Earlier this week, the FCA issued this Market Watch document on market conduct and transaction reporting issues. There are several observations on market abuse surveillance, some of which are relevant for energy and commodities market participants:
- That systems must be calibrated according to the company’s requirements, and not on a “communal” basis, i.e. with commons thresholds and settings across companies. Each firm is responsible for their own calibration and thresholds.
- That the list of indicators in MAR is not exhaustive.
- That the facilities (process and technology) implemented to comply with MAR cannot be based on what peers do. Each case is considered on a separate basis, in effect ruling out “industry” and “tick box” solutions.
- That arrangements, for example in the submission of specific STORs (suspicious transaction or order reports), relate to a company and not people. The “newness” of employees and previous departures are not mitigating factors for monitoring failures or a lack of STOR submissions.
The contents of the newsletter is food for thought for any company in the sector that is or has rolled out surveillance systems and processes.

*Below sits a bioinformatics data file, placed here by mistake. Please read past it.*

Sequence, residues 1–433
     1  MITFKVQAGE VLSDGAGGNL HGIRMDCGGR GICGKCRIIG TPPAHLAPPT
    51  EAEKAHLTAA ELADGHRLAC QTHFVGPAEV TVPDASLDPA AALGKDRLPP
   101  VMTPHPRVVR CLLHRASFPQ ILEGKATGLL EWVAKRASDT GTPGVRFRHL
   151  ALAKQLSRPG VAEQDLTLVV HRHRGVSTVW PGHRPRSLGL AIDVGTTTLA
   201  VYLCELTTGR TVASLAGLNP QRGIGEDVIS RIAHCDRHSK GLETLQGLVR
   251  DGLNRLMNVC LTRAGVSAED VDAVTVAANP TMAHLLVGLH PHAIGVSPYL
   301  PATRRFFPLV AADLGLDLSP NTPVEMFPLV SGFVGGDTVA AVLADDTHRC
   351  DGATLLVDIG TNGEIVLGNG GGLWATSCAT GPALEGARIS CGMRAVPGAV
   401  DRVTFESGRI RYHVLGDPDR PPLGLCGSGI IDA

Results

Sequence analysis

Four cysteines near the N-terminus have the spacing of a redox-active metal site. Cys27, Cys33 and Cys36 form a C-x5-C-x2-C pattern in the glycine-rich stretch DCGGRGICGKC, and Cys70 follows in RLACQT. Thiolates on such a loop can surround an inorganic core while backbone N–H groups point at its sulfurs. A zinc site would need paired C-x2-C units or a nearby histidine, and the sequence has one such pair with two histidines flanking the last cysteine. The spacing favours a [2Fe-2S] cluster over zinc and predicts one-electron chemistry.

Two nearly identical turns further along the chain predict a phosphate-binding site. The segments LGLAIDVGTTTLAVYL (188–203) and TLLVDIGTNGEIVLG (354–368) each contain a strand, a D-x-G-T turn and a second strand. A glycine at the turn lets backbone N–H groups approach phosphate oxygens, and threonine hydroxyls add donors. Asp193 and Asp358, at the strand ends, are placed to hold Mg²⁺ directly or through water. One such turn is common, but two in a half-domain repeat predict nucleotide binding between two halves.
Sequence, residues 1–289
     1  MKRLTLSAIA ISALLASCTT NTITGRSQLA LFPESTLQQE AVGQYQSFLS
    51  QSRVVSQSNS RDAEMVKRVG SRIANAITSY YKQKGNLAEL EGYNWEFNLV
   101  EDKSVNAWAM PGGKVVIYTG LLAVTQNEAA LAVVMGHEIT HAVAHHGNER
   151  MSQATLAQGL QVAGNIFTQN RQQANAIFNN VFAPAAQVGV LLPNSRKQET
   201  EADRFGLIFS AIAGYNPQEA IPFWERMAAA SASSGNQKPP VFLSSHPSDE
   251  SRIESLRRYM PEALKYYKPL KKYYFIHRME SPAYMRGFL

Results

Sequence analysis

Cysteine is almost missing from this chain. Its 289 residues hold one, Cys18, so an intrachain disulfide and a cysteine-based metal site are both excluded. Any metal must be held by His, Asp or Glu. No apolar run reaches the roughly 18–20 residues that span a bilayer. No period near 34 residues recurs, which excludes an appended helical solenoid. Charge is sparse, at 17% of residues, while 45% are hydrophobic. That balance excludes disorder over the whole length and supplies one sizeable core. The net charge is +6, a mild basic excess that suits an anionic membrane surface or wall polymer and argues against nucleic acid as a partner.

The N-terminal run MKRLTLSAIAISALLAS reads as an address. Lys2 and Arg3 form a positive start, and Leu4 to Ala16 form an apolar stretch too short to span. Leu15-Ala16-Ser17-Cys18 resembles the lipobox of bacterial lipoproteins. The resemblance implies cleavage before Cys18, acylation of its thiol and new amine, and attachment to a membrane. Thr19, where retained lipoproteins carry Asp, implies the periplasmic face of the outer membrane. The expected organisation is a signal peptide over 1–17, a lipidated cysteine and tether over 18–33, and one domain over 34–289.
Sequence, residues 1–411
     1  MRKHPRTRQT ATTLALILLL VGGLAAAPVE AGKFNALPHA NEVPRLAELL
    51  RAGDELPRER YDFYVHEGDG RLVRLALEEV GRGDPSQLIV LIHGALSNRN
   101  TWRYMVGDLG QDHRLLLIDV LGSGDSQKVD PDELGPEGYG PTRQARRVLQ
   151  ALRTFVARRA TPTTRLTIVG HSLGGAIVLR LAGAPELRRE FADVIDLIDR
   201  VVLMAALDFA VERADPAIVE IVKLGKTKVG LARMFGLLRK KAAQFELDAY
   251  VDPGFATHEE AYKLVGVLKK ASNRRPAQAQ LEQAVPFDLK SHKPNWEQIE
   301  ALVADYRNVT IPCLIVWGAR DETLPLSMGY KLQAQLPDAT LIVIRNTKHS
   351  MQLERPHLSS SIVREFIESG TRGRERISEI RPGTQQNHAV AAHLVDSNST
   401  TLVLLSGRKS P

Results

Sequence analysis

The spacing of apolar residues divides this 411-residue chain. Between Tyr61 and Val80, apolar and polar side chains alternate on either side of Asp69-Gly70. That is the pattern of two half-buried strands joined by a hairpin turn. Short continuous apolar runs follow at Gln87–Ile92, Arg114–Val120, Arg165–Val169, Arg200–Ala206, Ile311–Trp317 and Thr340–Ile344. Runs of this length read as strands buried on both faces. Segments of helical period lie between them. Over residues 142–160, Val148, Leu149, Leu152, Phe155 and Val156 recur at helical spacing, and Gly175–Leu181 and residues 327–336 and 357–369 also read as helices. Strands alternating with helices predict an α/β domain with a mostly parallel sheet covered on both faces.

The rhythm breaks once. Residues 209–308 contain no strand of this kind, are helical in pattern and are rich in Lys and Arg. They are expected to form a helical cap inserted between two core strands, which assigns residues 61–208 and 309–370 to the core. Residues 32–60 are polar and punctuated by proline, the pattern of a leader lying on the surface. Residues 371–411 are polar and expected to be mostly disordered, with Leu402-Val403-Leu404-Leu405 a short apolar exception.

CFTC fines two traders for physical/financial manipulations in agricultural commodities and other CFTC fines
The CFTC has fined two traders $125k and $250k for physical/financial manipulations in wheat contracts. The press release can be found here and the orders here and here. The general scheme involved purchasing physical wheat and then cancelling the orders thus sending a misleading price signal to the market and manipulating related derivatives. The traders also gave misleading news to certain publishers and used other means to push the price. The company level fine was levied earlier this year (see here), and is described here on the DCM blog.
There have also been several other enforcements for spoofing, as reported here on the Tabb Forum:
- A settlement of $1.5m with Geneva Trading LLC for spoofing in various commodity derivatives (see here).
- A fine of $2.3M for single and cross market spoofing in copper derivatives, a first fine for this type of cross market manipulation (see here).